The eight countries that share the Amazon basin have fallen short of an agreed goal to end deforestation.

Delegates from the countries are meeting in the Brazilian city of Belém for a two-day summit on the issue, the first such gathering in 14 years.

A joint declaration on Tuesday created an alliance to combat deforestation, but left each country to pursue its own conservation goals.

Preserving the Amazon is a central part of efforts to tackle climate change.

Ahead of the summit, Brazilian President Luiz Inácio Lula da Silva had called for a common goal of ending deforestation by 2030, a policy his own government has already adopted.

Around 60% of the Amazon, the largest rainforest in the world, lies in Brazil. The other countries represented at the gathering were Bolivia, Colombia, Ecuador, Guyana, Peru, Suriname and Venezuela.

In his opening speech on Tuesday, Lula spoke of the "severe worsening of the climate crisis" and said "the challenges of our era, and the opportunities arising from them, demand we act in unison".

"It has never been so urgent," he said.

Bar chart showing lower deforestation rates in 2023 compared to 2022 across most months from January to July

Deforestation in Brazil has fallen dramatically since Lula won the presidency from predecessor Jair Bolsonaro, who favoured development over conservation, but thousands of sq km continue to be lost each year.

The joint statement, named the Belém declaration, said the new alliance would aim to "prevent the Amazon from reaching a point of no return".

It also included commitments to enhance co-operation on issues like water management, health, sustainable development and common negotiating positions at global climate summits.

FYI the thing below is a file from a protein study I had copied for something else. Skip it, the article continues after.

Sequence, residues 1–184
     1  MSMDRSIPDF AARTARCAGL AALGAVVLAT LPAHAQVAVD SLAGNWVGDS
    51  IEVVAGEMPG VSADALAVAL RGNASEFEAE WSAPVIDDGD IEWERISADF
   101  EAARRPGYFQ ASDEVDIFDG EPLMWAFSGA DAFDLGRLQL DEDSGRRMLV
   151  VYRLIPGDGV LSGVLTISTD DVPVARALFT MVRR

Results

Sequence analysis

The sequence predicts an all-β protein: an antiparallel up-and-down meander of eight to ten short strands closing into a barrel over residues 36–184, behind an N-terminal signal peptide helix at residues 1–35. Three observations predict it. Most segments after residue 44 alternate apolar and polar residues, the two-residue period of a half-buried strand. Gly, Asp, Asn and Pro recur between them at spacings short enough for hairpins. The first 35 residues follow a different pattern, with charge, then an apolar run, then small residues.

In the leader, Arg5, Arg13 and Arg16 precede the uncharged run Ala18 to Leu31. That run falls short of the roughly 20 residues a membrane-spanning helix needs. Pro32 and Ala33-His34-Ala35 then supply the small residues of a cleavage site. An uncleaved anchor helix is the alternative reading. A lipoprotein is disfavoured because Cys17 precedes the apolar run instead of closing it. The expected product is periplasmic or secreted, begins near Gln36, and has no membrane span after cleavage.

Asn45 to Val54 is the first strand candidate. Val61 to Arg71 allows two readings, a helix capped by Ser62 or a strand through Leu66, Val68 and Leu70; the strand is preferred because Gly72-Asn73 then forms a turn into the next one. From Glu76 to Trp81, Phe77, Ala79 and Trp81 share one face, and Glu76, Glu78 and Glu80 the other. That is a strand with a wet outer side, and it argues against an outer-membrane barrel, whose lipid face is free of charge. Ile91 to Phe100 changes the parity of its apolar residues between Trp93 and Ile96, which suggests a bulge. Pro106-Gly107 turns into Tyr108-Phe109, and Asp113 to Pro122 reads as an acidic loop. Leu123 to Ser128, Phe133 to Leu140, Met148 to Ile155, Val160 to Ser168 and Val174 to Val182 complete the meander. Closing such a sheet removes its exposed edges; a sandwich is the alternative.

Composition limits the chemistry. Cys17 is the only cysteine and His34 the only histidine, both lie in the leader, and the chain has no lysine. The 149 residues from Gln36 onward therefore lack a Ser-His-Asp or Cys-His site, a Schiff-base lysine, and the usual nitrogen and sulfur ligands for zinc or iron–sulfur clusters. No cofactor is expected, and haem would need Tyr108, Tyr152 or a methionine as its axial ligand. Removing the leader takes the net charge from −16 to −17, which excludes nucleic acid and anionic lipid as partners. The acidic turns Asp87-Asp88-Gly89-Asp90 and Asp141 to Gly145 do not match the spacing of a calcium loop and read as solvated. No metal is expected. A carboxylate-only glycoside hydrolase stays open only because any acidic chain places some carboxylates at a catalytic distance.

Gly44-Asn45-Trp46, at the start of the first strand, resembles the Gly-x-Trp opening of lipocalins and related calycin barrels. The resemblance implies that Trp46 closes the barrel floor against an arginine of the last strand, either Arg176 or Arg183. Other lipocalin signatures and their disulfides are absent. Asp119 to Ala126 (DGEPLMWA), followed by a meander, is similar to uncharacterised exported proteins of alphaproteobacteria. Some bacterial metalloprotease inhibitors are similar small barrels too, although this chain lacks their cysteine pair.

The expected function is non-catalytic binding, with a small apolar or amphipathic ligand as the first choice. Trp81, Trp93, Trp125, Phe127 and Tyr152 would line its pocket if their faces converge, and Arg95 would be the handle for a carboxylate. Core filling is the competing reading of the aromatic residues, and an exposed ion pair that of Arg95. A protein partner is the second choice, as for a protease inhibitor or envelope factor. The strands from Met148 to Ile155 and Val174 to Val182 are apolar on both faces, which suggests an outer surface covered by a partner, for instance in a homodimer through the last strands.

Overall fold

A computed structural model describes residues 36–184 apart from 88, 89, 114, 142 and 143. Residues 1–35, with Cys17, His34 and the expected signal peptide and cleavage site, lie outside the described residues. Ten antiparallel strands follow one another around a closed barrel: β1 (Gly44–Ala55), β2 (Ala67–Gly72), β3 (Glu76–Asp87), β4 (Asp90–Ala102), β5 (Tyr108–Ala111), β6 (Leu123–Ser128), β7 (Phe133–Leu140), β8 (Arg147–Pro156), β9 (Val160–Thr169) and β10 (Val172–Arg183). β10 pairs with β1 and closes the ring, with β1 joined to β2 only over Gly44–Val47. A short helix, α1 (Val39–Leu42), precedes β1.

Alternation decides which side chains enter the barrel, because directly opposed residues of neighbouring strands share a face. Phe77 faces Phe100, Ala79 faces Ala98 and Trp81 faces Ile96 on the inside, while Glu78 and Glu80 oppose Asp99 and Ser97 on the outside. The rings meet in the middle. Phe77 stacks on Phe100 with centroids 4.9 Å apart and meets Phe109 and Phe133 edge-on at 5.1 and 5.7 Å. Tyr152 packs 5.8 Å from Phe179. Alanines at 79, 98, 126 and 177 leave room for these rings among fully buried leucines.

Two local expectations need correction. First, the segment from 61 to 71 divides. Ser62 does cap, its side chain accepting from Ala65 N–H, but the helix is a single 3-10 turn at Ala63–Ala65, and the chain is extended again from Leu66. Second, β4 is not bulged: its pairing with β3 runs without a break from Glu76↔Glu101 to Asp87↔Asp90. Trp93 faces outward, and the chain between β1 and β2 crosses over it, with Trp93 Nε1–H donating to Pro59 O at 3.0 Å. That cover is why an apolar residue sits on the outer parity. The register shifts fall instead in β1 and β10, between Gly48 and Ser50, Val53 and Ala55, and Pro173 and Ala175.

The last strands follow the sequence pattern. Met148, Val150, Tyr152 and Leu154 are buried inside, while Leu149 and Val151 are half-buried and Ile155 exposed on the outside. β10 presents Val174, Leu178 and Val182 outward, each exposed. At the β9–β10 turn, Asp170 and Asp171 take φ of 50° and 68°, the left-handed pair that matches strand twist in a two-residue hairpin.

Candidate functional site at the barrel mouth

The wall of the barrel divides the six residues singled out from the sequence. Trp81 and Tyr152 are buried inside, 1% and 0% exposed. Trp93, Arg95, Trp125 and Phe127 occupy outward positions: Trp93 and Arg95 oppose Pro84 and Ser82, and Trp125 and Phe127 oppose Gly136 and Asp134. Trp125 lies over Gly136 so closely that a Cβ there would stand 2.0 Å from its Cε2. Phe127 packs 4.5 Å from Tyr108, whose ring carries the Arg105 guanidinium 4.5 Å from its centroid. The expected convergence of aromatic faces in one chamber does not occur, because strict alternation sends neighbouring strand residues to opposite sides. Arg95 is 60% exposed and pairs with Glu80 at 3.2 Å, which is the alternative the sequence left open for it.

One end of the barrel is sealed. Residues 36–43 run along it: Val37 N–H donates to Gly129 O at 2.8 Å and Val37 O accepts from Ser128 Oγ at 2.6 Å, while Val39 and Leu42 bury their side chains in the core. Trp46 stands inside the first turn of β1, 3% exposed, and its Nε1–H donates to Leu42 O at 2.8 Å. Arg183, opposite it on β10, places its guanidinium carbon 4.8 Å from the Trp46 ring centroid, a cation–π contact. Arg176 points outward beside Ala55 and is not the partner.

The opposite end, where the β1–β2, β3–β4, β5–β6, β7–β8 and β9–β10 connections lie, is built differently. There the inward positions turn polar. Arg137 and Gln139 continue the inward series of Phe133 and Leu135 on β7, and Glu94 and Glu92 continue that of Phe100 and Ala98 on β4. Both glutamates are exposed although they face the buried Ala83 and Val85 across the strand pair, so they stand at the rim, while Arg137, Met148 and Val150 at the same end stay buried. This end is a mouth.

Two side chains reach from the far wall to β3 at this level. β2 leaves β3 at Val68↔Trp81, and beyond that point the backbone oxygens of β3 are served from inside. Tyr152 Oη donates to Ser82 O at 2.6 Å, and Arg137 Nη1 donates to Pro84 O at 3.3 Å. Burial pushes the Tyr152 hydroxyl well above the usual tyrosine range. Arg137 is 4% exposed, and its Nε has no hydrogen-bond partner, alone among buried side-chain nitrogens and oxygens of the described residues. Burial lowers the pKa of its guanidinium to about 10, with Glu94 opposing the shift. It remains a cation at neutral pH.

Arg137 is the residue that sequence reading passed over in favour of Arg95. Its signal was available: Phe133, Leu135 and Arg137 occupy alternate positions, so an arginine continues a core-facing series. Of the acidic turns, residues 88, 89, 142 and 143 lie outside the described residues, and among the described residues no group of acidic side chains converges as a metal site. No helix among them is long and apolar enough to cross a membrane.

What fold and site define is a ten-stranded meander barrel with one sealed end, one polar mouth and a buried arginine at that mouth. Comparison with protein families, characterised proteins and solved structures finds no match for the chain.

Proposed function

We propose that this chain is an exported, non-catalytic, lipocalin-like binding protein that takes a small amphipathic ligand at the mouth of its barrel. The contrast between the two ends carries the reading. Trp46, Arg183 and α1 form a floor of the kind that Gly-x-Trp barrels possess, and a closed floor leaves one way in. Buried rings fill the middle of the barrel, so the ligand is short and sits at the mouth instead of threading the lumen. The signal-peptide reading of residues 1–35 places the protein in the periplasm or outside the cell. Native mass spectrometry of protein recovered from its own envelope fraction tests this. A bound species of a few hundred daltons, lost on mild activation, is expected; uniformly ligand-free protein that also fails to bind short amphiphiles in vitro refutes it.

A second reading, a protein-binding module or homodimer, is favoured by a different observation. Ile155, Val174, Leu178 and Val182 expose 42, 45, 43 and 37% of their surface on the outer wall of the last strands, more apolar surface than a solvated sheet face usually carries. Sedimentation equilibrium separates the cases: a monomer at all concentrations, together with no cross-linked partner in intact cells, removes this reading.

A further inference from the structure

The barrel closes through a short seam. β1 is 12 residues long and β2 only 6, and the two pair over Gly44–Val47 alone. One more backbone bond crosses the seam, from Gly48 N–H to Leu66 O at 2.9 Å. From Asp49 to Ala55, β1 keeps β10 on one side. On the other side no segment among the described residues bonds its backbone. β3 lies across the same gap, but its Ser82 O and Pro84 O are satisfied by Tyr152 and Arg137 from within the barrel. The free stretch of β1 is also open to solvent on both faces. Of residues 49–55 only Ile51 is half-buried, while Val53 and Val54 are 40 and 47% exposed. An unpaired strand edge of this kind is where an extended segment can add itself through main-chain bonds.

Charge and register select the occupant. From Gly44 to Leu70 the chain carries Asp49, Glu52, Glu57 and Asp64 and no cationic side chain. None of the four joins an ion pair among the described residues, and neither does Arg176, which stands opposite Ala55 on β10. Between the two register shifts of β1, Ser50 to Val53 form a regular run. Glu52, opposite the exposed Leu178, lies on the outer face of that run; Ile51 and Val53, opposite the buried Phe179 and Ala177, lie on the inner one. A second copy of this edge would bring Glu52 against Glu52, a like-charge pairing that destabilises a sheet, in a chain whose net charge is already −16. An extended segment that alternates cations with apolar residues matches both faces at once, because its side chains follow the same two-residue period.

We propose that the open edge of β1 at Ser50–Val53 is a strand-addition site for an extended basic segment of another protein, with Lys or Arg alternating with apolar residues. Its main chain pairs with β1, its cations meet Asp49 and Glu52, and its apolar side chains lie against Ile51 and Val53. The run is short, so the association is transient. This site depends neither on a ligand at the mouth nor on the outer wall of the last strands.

Some will be disappointed the language is not stronger, but the summit has signalled a desire among countries in the region to work towards solutions to one of the biggest challenges of our time.

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There have been differences in opinion in some areas.

Colombia's President, Gustavo Petro, for example, wants other countries to match his pledge to ban new oil exploration, while Brazil is considering exploring new areas at the mouth of the Amazon river.

Despite the differences, the gathering has undoubtedly given this region a voice when it comes to combatting climate change, and is being viewed as a precursor to the 2025 UN Climate Change conference, which will also be held in Belém.

Map showing the Amazon and the countries which share itImage caption, Representatives from the eight countries which share the Amazon will attend

The summit opened on the same day that the European Union's climate change panel confirmed that July had been the hottest month on record globally.

The billions of trees that make up the Amazon hold vast amounts of carbon, accumulated over centuries, and every year their leaves continue to absorb carbon dioxide that would otherwise remain in the atmosphere and contribute to the rise in global temperatures.

The world has already warmed by about 1.1C since the industrial era began and temperatures will keep rising unless governments around the world make steep cuts to emissions.

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Media caption,

From 2019: How is the rainforest helping limit global warming?

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